In Mexican novelist Laura Esquivel’s Like Water for Chocolate, the lovesick Tita puts all her passion into a dish intended for her lover called “quail in rose petal sauce.” Instead, her sister Gertrudis eats it, and not long after begins “to feel an intense heat pulsing through her limbs.” Dripping with rose-scented sweat, Gertrudis goes to the wooden shower stall in the backyard to cool off. Her body gives off so much heat that the wooden walls of the shower stall burst into flames—and so do her clothes. 

Running outside, the naked Gertudis is suddenly swooped up by one of Pancho Villa’s men, who charges into her backyard on horseback. 

“Without slowing his gallop, so as not to waste a moment, he leaned over, put his arm around her waist, and lifted her onto the horse in front of him, face to face, and carried her away.”

In other words, make this dish for someone you love.—R.W.

Quail in Rose Petal Sauce

(adapted from Like Water for Chocolate). 

The original recipe for this dish calls for rose petals, but you don’t want to use petals from conventional flower shop roses—those are treated with fungicides. Still, if you have some organically grown roses in your backyard, or know where to buy them, feel free to use them to garnish the finished dish. 

You’ll find rosewater at local Middle Eastern stores, and red prickly pear fruit puree or juice at most health food stores—or substitute frozen raspberries. If you have a dove hunter in the family, try this with dove instead of quail. (In fact, doves may be an even more romantic choice, if you don’t mind picking a little birdshot from your teeth.)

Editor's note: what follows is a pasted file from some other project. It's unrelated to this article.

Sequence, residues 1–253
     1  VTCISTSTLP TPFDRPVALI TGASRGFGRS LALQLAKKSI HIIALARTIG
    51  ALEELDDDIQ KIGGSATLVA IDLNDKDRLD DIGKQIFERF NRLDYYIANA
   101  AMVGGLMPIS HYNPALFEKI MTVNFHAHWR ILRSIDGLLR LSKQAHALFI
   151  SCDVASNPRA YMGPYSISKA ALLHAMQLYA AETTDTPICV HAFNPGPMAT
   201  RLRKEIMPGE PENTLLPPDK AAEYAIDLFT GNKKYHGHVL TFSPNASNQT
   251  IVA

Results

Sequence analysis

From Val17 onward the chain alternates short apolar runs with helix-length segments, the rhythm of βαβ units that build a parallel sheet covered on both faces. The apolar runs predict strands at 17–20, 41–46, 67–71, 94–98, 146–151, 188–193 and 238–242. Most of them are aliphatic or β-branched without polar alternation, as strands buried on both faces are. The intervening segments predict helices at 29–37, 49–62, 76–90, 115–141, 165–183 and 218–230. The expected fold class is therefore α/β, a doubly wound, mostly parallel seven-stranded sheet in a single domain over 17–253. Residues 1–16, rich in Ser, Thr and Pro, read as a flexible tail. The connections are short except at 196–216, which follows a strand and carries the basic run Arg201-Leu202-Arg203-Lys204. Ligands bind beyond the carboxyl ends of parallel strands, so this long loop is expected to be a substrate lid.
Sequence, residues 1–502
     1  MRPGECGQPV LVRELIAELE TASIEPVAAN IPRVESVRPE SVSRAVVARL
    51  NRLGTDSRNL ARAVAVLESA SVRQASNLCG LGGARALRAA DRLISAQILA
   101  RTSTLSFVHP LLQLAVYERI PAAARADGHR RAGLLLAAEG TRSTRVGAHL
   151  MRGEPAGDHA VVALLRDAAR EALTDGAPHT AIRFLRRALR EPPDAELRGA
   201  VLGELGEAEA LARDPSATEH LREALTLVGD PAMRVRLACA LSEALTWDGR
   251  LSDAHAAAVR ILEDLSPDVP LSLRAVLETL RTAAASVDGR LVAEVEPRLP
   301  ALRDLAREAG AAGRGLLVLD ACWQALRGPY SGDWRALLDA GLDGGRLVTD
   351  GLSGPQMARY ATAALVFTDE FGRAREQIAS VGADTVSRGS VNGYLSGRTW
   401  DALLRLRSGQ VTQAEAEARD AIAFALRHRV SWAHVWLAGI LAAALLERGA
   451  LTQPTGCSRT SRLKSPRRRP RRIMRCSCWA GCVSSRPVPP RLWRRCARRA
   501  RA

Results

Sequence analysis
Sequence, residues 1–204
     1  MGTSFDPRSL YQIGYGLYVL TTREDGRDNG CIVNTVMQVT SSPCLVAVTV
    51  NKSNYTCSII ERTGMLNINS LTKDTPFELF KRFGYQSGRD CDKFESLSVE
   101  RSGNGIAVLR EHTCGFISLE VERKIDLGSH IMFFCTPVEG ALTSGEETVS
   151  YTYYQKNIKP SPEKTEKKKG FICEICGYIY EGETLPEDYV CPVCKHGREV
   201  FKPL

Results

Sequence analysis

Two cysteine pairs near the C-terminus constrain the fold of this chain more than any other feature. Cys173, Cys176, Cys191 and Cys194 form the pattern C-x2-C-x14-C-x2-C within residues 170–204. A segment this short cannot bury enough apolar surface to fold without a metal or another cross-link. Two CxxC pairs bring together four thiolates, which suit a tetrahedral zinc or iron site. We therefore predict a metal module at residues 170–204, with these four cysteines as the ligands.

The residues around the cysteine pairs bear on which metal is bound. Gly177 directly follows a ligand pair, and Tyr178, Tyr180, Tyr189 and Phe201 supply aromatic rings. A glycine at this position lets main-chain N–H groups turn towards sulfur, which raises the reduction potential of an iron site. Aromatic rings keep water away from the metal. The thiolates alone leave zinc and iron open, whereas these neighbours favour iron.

• 4 quail (or 6 doves) 
  • 3 tbsp butter
  • Salt and pepper to taste
  • 1 cup dry sherry
  • 6 peeled chestnuts (boiled, roasted, or canned)
  • 1 clove garlic
  • 1/2 cup red prickly pear fruit puree (or substitute raspberries)
  • 1 tbsp honey
  • ¼ cup chicken stock
  • 1/2 tsp ground anise seed  
  • 1/4 tsp ground cinnamon
  • 14 tsp rosewater
  • Petals of 6 fresh, organic red roses (optional garnish)

Heat the serving platter in an oven set to low. Rinse the quail and pat dry. In a large frying pan over medium-high heat, melt the butter and lightly brown the birds on all sides. Add sherry and salt and pepper to the quail. Lower the heat, cover, and simmer 15 minutes. Turn the quail, cover, and cook another 10 minutes. Remove the quail when done to your liking and place on a heated platter. 

Combine the remaining ingredients with pan juices, transfer to a blender, and puree until smooth. Pour the sauce into a small pan and simmer 5 minutes, or until slightly thickened. Adjust seasoning with more salt, pepper, and/or honey. Pour the sauce over the quail on the heated platter and serve hot. Sprinkle with the rose petals if you have them. Serves 2.

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